Rock Nelson is a fifth generation South Dakotan — and South Dakota is a few thousand kilometres from Winnipeg, Manitoba and in a different country — but he is an admirer of the entrepreneurial spirit that drives the province, which he thinks is embodied by the World Trade Centre Winnipeg.
That may be because his state and the province have so much in common, having built strong, diversified economies despite being distant from major consumer markets, having harsh climates and relatively small populations.
Nelson, director of the South Dakota International Trade Center, has developed such strong links with his Manitoba counterparts that he has taken large delegations from the state to the two Centrallia business-to-business events that have been held in Winnipeg since 2010, with plans to attend the third this May 25-27.
“They’re good people,” said Nelson of his Winnipeg counterparts. “When they put on a show or event it’s done right. I wouldn’t expose my clients to it if it wasn’t.”
Described as a “speed-dating opportunity” for small and medium-sized businesses, it’s the fourth such event held in Winnipeg and is expected to attract 700 participants from throughout Canada and 30 countries to the RBC Convention Centre Winnipeg, where they can tap new opportunities in domestic and international markets.
Nelson, who has held his position for 17 years and is widely respected in economic development circles, holds several economic development credentials and is an unabashed promoter of his home state. He sees Centrallia as a key event to advance the interests of South Dakota businesses.
“The benefit is that all the participants are somewhat vetted ahead of time,” he said. “I can get on a plane and go to France or Finland (to promote South Dakotan businesses), but I can do that at Centrallia (and at a much lower cost) and it’s all under one roof.”
He has taken delegations of about 12 to 14 business leaders from the state to the event every year, most of whom were pleased with the results. He became such a booster of the event his state now has a booth, where attendees can learn all about his state’s economic advantages.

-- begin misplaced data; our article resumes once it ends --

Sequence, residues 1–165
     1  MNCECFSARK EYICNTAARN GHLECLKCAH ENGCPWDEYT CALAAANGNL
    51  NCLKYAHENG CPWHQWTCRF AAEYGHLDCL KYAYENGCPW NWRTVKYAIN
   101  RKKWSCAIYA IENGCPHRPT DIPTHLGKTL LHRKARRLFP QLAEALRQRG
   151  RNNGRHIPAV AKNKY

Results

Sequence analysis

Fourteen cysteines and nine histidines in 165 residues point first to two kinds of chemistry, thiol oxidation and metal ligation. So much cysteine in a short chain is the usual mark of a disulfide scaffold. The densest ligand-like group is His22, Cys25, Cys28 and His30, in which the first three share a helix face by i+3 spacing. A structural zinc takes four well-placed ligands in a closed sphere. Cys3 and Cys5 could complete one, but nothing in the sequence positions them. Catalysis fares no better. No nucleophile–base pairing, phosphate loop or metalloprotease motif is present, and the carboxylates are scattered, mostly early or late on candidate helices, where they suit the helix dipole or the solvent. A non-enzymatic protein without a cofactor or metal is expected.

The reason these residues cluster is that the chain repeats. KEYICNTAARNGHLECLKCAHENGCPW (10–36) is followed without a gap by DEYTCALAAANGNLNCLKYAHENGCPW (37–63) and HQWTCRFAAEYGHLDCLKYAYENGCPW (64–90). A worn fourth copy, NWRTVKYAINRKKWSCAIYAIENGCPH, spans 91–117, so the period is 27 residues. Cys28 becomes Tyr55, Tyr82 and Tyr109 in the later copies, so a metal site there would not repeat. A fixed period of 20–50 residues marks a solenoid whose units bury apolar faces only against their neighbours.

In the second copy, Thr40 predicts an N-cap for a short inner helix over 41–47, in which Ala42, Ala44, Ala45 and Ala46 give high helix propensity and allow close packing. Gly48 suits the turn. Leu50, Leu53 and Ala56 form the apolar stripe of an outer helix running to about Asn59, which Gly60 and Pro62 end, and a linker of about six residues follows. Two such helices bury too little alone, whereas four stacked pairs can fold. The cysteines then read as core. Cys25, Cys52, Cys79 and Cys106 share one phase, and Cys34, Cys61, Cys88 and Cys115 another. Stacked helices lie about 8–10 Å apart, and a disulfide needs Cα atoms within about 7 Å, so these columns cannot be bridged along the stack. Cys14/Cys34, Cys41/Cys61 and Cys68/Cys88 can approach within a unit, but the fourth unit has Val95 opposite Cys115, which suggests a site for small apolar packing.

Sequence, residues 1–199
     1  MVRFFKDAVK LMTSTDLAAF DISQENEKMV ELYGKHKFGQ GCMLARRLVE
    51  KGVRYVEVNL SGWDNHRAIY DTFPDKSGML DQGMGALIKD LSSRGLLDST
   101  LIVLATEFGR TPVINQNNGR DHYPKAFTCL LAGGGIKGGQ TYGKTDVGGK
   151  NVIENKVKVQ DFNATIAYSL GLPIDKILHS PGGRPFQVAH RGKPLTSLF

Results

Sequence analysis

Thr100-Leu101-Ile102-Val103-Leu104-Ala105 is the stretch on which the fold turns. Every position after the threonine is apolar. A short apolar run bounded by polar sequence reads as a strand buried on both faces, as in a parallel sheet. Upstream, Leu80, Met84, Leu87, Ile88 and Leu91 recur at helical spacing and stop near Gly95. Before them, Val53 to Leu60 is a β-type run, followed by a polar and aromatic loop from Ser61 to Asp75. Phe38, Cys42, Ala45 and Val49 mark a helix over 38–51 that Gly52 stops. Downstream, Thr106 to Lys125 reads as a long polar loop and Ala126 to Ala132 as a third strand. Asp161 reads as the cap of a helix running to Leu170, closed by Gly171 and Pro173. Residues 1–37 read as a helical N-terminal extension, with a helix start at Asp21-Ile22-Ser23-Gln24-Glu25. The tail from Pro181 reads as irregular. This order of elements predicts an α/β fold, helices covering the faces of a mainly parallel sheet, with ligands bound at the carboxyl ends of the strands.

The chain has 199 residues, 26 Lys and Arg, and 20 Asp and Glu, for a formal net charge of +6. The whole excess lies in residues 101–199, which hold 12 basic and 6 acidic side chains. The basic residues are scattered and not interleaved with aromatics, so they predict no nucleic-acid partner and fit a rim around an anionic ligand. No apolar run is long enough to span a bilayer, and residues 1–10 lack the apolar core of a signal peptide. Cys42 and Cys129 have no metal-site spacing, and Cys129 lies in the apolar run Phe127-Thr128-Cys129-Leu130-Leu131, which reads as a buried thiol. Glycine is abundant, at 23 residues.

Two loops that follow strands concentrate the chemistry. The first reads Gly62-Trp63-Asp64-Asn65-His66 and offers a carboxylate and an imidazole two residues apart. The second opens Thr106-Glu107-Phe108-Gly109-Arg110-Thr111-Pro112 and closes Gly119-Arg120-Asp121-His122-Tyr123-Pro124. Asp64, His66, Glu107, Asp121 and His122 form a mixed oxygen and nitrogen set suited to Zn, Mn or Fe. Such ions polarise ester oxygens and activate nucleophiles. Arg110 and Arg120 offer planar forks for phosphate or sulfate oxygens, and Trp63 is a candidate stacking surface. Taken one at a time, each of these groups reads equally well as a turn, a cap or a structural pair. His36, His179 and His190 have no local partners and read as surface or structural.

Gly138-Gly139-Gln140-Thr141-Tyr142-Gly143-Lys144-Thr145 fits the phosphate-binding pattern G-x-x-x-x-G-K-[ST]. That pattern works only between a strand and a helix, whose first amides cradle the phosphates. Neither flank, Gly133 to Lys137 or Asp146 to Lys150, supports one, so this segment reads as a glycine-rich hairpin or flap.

And despite a relatively small population of 858,000, ranking it as the 46th most sparsely populated in the U.S., and being far from major population centres, it has managed to turn itself into one of the most economically stable states in the nation.
In that regard, it has a great deal in common with Manitoba, a province with 1.28 million people, located far from major Canadian cities like Toronto, Vancouver, Montreal and Calgary.
Although Winnipeg, with a population of 793,000, is larger than Sioux Falls, with a population of 165,000, the state and province have a good deal in common.
Both have economies that are historically based on a strong agricultural sector, for one, Nelson points out.
And there’s the isolation factor, which he said both have overcome, thanks to a focus on international trade, a strong entrepreneurial spirit and a great work ethic.
Those attributes have allowed South Dakota to take the lead as a regional promoter of economic development.
As head of the South Dakota International Trade Center, Nelson represents a much larger geographical footprint, which includes part of Minnesota, northwest Iowa and northeastern Nebraska.
“When a client has issues about importing (products or services) or has exporting issues they come to see us,” he said. “My services are provided for free.”